The concept of genius loci has an old history and in fact dates back to Roman times and possibly even beyond, as the Romans most likely inherited some aspects of their religious mentality from their predecessors, the Etruscans, whose legacy contributed to Roman skills in building and engineering, envied and admired even today. The visual image of genius loci in the Roman religious imagination was expressed in the shape of a human figure holding several symbolic objects: a cornucopia, a ritualistic vessel shaped as a plate, and a serpent. Traditionally the Romans consulted genius loci while conducting rituals associated with choosing a site for establishing a town. As Joseph Rykwert has emphasized in his ground-breaking research a few decades ago, choosing a spot for human settlement has been considered an important decision since the dawn of civilization. The will of the gods had to be observed and, accordingly, different cultures performed specific rituals before people started building a city or town.2 Romans were no exception among the other ancient societies that performed founding rituals. After the Roman empire disintegrated, the purpose and meaning of genius loci was largely lost, yet the phantom of the Antique spirit of the place occasionally surfaced in various contexts during later historical periods of Western civilization. However, throughout the entire pre-Modern period following the waning of the Roman civilization, genius loci was treated as something of an obscure metaphor, and only in the second half of the last century did it acquire a theoretically elaborate form. The idea of the spirit of place was revised, conceptualized, and applied to a systematic study of architecture and its natural/urban environment due to the research efforts of architectural theorist Christian Norberg-Schulz, an internationally renowned Norwegian scholar who seems to have realized some of the dead-ends of contemporary city-making. In his seminal study, Genius loci: Towards a Phenomenology of Architecture, Norberg-Shulz presented a view that deviated from the ideas about urban planning and design eschewed by his friends and associates inspired by the stubborn rationalism and urban megalomania of Le Corbusier and his numerous adherents.
Insisting on the need to not only revise architectural vocabularies, but to develop a more promising approach towards shaping contemporary cities, Norberg-Schulz offered a distinction between the notion of space and those of place and character. According to him, "whereas 'space' denotes the three-dimensional organization of the elements which make up a place, 'character' denotes the general atmosphere which is the most comprehensive property of any place."3 He was, however, inclined to conclude that in order to have a more prospective view of urban developments, it was of utmost importance to make a conceptual distinction between space (as generalization and abstraction) and character of a place, as places, unlike spaces, are always real, specific, unique, and embedded in their immediate environments. This shift of perspective in understanding and conceptualizing architecture and the built environment urged him to develop a qualitatively different meaning of urban places, one the notion of "urban space" does not contain. Perhaps avoiding criticism or eschewing some form of "fundamentalist" attitude, Norberg-Schulz explained that the structure of the place should not be treated as fixed, i.e., so rigid it could never be subjected to any kind of change. On the contrary, he argued that urban places change continuously and sometimes these changes occur very fast; however, this does not mean one cannot discern some stable, enduring qualities of a place or of its identity. Places have the capacity of receiving various "contents," and some of them continue to exist even after significant changes have been implemented. Settling in some place, as Norberg-Schulz insightfully noted, is a human activity that does not simply mean erecting some man-made structures or shelters in order to survive physically: it is "rather an existential concept which denotes the ability to symbolize meanings. When a man-made environment is meaningful, man is at home."4 This implied that understanding and interpreting the built environment in this way.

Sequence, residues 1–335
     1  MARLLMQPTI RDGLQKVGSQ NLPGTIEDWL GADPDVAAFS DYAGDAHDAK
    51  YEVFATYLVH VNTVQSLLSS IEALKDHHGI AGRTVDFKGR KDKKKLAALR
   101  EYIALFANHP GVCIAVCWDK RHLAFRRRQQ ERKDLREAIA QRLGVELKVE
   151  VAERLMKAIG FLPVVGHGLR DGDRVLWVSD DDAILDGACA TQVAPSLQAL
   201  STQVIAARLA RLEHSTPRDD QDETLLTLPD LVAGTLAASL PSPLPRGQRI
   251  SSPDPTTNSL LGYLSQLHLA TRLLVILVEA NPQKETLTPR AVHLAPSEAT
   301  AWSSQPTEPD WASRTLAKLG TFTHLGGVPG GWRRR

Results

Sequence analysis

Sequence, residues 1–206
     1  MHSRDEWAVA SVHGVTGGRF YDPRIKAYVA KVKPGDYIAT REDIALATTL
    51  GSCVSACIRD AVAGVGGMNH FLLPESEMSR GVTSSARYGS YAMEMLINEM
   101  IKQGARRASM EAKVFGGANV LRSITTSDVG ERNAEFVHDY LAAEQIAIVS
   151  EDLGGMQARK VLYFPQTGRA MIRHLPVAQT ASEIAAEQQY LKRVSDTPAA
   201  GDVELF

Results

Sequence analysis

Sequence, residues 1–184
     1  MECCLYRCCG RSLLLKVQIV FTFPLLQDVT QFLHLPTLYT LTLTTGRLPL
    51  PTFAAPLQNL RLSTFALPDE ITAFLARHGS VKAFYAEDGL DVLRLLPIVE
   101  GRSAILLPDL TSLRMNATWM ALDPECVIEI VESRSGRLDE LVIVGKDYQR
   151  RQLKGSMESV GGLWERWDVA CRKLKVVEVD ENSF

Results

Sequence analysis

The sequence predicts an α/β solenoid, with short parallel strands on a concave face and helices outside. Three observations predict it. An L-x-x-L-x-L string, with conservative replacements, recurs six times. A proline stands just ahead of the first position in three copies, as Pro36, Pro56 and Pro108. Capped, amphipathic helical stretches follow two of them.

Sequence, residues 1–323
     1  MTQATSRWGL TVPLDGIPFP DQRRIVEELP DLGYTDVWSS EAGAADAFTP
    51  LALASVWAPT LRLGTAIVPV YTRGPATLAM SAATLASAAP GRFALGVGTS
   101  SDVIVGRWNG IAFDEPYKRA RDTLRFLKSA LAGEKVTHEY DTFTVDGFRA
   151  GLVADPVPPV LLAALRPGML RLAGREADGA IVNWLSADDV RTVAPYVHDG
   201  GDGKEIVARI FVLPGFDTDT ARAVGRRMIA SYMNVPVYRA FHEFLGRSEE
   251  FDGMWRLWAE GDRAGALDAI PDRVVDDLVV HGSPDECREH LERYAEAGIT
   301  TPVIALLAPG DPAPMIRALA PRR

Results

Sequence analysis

Genius loci of human settlement in fact represents a microcosmos, and cities differ in what they gather. In some, forces of the earth are strongly felt, in others the ordering power of the sky, others again have the presence of humanized nature or are saturated with light. All cities, however, have to possess something of all these categories of meaning to make urban dwellings possible.5
One of the essential flaws of modern architecture and ur-banism, according to Norberg-Schulz, was the fact that architects have tended to ignore and neglect the existential dimension, thus significantly impoverishing the humaneness of the built environment.6